Inheritance from both parents will result in the disease
Age range at onset:
Neonatal or infancy (rarely adulthood)
Specialists you may see:
While symptoms may begin in the neonatal period, diagnosis of MGCA1 often happens later in childhood, following symptoms such as hypoglycaemia, microcephaly, spastic quadriparesis, seizures, vomiting, hypotonia, hepatomegaly, dystonia and progressive neurological deficit. Optic atrophy may occur, and severely affected individuals may become comatose.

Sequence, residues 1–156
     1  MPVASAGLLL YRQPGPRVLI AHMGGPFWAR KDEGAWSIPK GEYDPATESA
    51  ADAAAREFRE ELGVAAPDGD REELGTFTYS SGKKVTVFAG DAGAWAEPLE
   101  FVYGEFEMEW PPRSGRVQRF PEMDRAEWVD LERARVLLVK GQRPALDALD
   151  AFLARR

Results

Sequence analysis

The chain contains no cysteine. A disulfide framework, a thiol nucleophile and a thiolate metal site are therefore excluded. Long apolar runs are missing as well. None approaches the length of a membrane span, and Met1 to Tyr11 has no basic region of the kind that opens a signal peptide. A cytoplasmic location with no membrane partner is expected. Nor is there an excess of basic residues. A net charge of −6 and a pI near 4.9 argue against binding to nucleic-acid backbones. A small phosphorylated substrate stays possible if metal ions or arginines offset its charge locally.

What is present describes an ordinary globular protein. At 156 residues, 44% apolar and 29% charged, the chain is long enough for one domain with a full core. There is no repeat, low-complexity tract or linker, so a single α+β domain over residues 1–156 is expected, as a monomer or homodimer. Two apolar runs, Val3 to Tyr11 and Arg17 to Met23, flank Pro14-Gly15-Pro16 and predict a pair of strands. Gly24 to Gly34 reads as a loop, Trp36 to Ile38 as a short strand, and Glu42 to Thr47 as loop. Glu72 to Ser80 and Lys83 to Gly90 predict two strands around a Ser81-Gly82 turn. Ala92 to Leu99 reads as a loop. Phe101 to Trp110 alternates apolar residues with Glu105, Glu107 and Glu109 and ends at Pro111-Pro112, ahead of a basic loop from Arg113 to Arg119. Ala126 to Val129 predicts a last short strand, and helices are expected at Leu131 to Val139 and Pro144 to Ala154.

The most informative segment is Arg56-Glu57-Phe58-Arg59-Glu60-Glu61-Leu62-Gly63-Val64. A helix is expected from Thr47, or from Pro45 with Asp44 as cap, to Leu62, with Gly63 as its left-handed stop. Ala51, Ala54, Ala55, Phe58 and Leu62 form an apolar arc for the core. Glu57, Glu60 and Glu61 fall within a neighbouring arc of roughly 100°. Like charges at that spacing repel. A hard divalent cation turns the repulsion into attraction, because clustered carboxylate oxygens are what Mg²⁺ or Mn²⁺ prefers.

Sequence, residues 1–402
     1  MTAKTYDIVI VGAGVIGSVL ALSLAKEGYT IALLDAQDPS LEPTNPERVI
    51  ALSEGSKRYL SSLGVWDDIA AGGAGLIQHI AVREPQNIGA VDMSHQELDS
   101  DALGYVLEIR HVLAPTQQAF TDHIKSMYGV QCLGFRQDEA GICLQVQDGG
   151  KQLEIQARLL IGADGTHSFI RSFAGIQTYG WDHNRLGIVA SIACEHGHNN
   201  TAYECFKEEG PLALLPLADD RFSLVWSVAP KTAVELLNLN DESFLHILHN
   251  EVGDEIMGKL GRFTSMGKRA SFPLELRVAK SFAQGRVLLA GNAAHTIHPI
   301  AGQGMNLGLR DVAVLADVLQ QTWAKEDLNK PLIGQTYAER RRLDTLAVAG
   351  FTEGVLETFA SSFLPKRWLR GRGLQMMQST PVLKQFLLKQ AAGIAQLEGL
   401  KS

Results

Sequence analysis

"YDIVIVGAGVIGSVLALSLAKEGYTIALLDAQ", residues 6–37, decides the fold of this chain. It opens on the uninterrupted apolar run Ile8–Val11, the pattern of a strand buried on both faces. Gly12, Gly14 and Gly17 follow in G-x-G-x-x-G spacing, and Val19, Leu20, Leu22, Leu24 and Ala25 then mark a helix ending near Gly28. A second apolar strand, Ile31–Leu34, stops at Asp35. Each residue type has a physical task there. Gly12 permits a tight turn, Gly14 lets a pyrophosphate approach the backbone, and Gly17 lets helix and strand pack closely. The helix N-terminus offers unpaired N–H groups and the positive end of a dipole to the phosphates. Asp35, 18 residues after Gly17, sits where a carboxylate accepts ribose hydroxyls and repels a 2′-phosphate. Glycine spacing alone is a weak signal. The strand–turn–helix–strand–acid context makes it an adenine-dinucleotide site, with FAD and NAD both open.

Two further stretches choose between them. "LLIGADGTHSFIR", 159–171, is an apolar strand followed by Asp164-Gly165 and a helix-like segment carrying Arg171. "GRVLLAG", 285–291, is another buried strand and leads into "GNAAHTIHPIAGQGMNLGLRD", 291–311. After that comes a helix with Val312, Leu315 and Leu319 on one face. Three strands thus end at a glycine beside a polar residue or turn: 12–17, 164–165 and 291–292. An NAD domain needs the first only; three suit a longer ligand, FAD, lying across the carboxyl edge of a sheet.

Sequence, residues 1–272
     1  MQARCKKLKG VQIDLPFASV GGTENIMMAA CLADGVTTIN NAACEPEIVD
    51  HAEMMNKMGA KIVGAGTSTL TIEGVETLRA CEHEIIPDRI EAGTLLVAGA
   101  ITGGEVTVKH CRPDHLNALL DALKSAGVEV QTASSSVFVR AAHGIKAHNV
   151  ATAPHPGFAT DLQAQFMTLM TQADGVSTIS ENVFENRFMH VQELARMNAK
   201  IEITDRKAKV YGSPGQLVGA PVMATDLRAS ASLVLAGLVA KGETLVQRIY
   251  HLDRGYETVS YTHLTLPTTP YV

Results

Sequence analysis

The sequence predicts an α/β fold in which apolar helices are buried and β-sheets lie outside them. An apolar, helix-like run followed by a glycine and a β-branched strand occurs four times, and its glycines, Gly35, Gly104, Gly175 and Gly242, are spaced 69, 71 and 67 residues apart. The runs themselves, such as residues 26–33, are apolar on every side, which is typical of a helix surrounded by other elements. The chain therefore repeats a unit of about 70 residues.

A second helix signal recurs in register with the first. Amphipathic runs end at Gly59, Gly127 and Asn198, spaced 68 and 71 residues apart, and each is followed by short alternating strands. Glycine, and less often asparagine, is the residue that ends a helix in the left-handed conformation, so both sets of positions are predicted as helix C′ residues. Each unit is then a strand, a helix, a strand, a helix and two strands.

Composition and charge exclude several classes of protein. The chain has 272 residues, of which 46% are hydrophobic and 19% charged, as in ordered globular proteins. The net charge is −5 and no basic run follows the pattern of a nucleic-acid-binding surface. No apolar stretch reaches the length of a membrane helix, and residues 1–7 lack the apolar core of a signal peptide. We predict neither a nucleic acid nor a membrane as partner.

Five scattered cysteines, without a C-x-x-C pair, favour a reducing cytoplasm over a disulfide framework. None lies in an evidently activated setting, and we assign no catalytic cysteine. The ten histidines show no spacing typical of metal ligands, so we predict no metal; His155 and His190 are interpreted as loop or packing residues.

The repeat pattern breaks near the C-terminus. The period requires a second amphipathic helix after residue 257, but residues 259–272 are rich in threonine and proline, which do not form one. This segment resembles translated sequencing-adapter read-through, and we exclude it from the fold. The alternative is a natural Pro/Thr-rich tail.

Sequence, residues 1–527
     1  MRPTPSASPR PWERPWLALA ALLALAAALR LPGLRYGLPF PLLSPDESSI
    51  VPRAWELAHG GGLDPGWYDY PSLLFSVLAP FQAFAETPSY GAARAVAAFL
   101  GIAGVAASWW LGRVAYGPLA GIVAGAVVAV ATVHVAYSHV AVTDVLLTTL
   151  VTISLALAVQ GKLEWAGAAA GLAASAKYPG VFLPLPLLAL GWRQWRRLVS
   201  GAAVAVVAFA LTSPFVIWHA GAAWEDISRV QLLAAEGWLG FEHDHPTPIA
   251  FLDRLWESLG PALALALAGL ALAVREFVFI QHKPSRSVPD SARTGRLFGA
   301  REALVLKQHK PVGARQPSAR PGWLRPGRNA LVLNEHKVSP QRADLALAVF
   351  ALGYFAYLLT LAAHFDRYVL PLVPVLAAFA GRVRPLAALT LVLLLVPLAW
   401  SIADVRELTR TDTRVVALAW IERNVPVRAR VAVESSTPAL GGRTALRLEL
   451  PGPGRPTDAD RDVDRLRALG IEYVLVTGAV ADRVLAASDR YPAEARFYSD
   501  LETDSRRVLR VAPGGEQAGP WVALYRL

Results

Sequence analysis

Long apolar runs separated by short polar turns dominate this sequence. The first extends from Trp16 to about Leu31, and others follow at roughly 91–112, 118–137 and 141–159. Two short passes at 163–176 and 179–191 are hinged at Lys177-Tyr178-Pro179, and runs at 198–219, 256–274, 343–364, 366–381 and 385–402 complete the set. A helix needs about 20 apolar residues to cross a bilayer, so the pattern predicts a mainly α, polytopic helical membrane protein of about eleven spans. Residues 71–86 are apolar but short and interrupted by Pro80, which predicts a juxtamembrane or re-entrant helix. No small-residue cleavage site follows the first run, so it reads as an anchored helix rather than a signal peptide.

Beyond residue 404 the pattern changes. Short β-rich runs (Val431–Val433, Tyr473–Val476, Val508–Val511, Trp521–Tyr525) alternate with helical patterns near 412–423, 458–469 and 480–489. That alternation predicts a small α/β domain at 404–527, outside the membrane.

Those who begin to experience MGCA1 in adulthood have symptoms such as dysarthria, ataxia, spasticity, optic atrophy and dementia.
Caused by mutations in the AUH gene. This gene creates 3- methylglutaconyl-CoA hydratase – an enzyme. This enzyme breaks down an amino acid to create energy. When the AUH gene is mutated, the amino acid is not broken down, creating an accumulation in the fluids surrounding the brain and spinal cord. Researchers think that this causes damage, leading to the symptoms described.